VICTORIA A. JOHNSON v. VALIDO MARBLE CO. ET AL.
Equitable lien of mortgagee to insxvrance money. Prior mortgagee not bound to notice subsequent record. What facts will put upon inquiry. When principal affected by knowledge of agent. Wife not bound by acts of husband without her authority. Priority of liens. Evidence. JIxosband and wife. Party may testify to capacity in which he acted, if disclosed.
Adams held a first mortgage against the property of the Valido Marble Company, of which the husband of the oratrix was treasurer and general manager. The defendants held a second mortgage from that company of the same premises to secure the payment of certain bonds; and this second mortgage contained a stipulation that the mortgagor should keep the premises insured for the benefit of the mortgagees. Adams had begun a foreclosure of his mortgage previously to the making of the defendants’ mortgage. After the decree of Adams had become absolute, but in virtue of an arrangement made with him before, the oratrix paid him the amount of his decree and took from him a quit-claim deed of the premises. Her husband acted as her agent in paying the money and taking the conveyance. After taking this conveyance she gave to the Valido Company a written obligation, that she would re-convey to it upon being repaid the amounts advanced by her, and still later executed a conditional deed of that tenor. By these instruments it was provided that the company should keep the premises insured for her benefit, and that in the event of loss the insurance money might, if the parties agreed, be used in rebuilding the premises. ' The company did so insure the premises, the buildings were destroyed by fire; and an amount of insurance was paid sufficient to satisfy the entire debt of the oratrix, and was by her passed over to the company to be used in rebuilding, but was not in fact used for that purpose. The husband of the oratrix acted as her agent in settling with the insurance companies. The oratrix did not know of the defendants’ mortgage but did knoW that *338there were outstanding bonds against the company. Held, that the fact that the oratrix suffered the company to retain the insurance money did not work a payment of her debt, nor estop her from asserting the same as a prior lien against the defendants, for
1. While, if the mortgagor convenants to keep the mortgaged premises insured for the benefit of the mortgagee, the mortgagee will have an equitable lien as against the mortgagor upon the proceeds of an insurance actually affected, although not in terms for the benefit of the mortgagee;
2. Still such lien will not be good as against a prior mortgagee, who neither has nor ought to have knowledge of the subsequent mortgage.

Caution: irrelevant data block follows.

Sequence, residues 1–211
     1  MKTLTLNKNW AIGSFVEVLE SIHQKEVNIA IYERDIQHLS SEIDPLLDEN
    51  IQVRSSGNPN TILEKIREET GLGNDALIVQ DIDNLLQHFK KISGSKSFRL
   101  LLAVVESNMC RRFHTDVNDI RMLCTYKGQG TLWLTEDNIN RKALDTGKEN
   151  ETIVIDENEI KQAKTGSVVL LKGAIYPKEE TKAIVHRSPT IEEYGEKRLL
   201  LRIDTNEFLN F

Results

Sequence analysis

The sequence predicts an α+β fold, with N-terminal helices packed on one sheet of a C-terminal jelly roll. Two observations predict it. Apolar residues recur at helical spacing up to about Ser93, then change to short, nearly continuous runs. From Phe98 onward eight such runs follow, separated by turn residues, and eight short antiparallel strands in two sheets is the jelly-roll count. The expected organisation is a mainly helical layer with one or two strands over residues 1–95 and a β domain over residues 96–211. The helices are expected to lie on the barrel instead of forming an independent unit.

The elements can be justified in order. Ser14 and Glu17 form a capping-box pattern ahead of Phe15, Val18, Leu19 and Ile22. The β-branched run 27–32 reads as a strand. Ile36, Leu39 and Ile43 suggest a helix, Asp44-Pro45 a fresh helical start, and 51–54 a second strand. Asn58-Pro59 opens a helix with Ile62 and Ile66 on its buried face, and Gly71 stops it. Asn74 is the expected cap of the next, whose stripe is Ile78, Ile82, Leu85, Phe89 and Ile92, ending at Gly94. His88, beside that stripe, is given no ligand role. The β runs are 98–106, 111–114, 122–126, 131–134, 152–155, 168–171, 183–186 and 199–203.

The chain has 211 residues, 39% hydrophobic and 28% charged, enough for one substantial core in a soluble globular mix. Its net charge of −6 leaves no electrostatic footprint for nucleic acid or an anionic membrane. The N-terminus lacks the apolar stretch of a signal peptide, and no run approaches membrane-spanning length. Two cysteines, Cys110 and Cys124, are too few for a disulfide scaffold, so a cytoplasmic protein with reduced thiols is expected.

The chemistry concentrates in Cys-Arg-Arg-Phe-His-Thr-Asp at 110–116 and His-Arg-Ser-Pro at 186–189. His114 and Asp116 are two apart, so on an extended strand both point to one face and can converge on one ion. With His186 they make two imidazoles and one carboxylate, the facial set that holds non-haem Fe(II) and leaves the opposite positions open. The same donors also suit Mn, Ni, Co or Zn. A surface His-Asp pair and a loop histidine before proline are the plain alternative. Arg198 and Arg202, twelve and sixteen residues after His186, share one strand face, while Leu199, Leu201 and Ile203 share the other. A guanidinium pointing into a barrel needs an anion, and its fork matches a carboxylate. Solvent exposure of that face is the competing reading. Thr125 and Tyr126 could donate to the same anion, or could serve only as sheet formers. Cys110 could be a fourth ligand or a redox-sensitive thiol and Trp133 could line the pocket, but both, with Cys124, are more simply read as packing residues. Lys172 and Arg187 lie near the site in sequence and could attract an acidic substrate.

8. The record of the second mortgage was not constructive notice to the oratrix.
i. Nor was knowledge of the fact that bonds were outstanding sufficient to put her upon inquiry as to how those bonds were secured, or whether they were secured at all.
5. She did not stand affected with the knowledge of her husband since the matters in which he acted as her agent in no way involved the existence of the defendants’ mortgage.
6. Nor would she be bound by an agreement which he executed in reference to these matters without her authority.
7. The checks for the insurance money were made payable to the order of the oratrix, and were by her endorsed and delivered to her husband, as the general manager of the Valido Company. He in fact deposited them to the credit of the oratrix, and drew the proceeds out upon checks signed in blank by her, but without her knowledge that the money had been so deposited or for what purpose the checks were to be used. Held, that the rights of the oratrix were not thereby affected.
8. At the time the defendants took their mortgage Adams had an attachment lien against the premises which subsequently became a judgment lieu maturing before the decree of forclosure became absolute. The amount of the judgment was something m'ore than $8000, and the amount of the decree something less than $10,000, the two aggregating over $13,000. The oratrix arranged with her husband, as the manager of the Valido Company, that she would advance $13,000 to pay off these encumbrances and take the security of Adams. Pursuant to this arrangement she paid her husband $3,000 for the Valido Company, and that company with this and additional money of its *339own paid the judgment. Later she paid her husband $10,000 more to satisfy the decree. After the decree had become absolute in Adams, he was paid the amount of his decree, being less than $10,000, and thereupon quit-claimed to the oratrix ; who agreed to re-deed to the Valido Company, upon re-payment of the entire $13,000. Held, that the oratrix thereby acquired a lien superior to the defendants’ mortgage to the extent of the entire $13,000.